It is one of the most confusing, nerve-wracking propositions out there — dating after a divorce. You’ve been out of this game for a while and things have changed. Do people even meet in the real world anymore, or is it all online? Do you begin with coffee, or dinner — or phone calls and texts?
Mates and dates seem as disposable as diapers today, if news items are to be believed — leaving those who are divorced wondering if true and lasting connection is even possible again.
“It’s important to distinguish between being alone and learning how to be your own good company — versus being lonely.”
Rushing into dating may be the wrong move for most people. Sure, the thought of dating another person, becoming close to another physically and emotionally, and starting a whole new life mightstart to cross one’s mind. But when is the right time — is there a right time? What pitfalls might people need to be aware of — and how does one explain dating to the kids?
The thoughts are very common, but there is no one correct answer, since all situations and people are different.
“Coping with divorce is akin to the Elizabeth Kubler-Ross five stages of death and dying,” Dr. Jason Stein, a licensed marriage and family therapist from Brentwood, California, told LifeZette. “There’s no way to expedite it, and everyone experiences it differently. People need to remember this is a major fracture in life and healing time is needed.”
Stein said that before even considering dating, individuals must be honest with themselves and take emotional inventory. He suggests divorceés ask themselves how they are feeling, where they are mentally, and what they need emotionally.
"It's vital these things be worked out before dating, or you risk unconsciously repeating the patterns from failed relationships," Stein warned. "Instead, understanding and growing from the previous relationship and determining what is important and what direction to go in should be one's focus."
What about the feelings and fears of being alone?
"It's important to distinguish between being alone and learning how to be your own good company versus being lonely," he said. "Being alone allows us to contextualize and clarify who we are outside of a relationship. Having a sense of self and understanding who we are individually are critical components to successful relationships."
Feeling lonely, Stein suggested, is something to be aware of and can be a pitfall in terms of rushing out to date before it is healthy to do so. It's more important to deal with these feelings of loneliness rather than to try to find someone — anyone — who buries the underlying foundation of that loneliness.
"Mind you, it's not like you need to practice abstinence until you figure it out. It just means having some awareness of where you are, so expectations aren't unrealistic."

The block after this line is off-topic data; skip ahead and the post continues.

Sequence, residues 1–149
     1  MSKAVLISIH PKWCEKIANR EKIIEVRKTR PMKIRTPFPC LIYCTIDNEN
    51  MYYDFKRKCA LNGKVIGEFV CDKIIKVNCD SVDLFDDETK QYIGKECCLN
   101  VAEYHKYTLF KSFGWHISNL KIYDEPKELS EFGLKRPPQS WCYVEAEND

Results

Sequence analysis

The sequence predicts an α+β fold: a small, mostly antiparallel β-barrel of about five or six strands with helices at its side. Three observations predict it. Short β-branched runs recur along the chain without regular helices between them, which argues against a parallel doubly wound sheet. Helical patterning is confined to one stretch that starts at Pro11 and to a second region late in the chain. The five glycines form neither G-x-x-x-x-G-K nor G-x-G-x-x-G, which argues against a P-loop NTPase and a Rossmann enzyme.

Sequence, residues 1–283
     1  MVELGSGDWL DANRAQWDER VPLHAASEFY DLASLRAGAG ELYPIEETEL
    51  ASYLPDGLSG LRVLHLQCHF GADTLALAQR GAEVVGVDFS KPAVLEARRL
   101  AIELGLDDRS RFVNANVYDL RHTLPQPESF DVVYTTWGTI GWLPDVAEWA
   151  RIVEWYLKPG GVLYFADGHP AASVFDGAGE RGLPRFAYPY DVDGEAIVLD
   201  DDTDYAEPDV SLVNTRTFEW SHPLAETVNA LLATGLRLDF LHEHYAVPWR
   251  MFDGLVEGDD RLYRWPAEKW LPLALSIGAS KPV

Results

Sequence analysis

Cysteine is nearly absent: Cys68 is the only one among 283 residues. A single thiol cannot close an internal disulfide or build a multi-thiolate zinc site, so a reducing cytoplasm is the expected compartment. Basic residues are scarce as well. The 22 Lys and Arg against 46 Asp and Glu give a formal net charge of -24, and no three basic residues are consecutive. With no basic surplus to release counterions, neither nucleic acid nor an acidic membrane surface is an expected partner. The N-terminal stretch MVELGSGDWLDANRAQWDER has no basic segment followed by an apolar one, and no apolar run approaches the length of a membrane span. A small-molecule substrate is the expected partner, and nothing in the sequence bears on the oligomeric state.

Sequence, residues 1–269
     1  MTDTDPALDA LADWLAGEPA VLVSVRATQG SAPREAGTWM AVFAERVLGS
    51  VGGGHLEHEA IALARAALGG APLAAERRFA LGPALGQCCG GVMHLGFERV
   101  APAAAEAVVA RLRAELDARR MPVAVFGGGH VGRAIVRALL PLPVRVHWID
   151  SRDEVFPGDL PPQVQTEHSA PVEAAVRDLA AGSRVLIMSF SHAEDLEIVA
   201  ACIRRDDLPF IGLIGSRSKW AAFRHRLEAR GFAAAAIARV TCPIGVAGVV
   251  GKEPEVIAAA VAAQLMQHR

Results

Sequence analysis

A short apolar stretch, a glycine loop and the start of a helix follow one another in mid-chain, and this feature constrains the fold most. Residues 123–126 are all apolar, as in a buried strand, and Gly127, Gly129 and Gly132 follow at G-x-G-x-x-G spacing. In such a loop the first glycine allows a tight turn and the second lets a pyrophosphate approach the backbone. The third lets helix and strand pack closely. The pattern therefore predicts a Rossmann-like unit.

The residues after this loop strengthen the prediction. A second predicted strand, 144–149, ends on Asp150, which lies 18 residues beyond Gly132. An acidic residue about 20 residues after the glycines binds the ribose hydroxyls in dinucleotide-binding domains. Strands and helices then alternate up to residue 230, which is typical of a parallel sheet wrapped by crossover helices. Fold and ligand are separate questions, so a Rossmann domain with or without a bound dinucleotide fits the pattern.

This brings up the issue of dating in a technologically driven world. There are pros and cons to online dating.
One of the upsides, said Stein, is that online dating allows you to create your own identity — to create a new version of yourself, post-divorce. It is also a safe and disconnected way of exploring individuation. He intimates that revising one's profile and photos is a way of refining the way one sees oneself, provided that profile is honest.
"It is a way of exploring who you are as an adult away from your marriage. It's about learning who you are attracted to, and vice-versa," he noted.
There is, however, a downside. Stein said it is easy to get seduced into thinking the online world is the only world that matters, and that it somehow defines you — and that it can fill the loneliness. "The virtual can become the perception of real. It isn't real. It's like a video game. There is a very real difference between online and real-world interactions."
"Kids are navigating their own ideas about dating and how to see you after a divorce."
Once dating actually begins, how should this be explained to kids, particularly if a child inquires about your dating life? Stein firmly believes that adult life should be kept separate and apart from family life.
What's more important is understanding what the child is really asking. "Kids are not asking about your activity, but are navigating their own ideas about dating and how to see you after a divorce," he said. Instead, try to steer the conversation back to the children and their feelings. You aren't evading the question. You are parenting the child.
Finally, remember that dating is not an end in itself. Dating and relationships are about understanding oneself better, what qualities are attractive, and learning the things about yourself that are attractive. We cannot be all things to all people. Behaving authentically is always the best course of action and most likely to attract the person that is authentically right for you.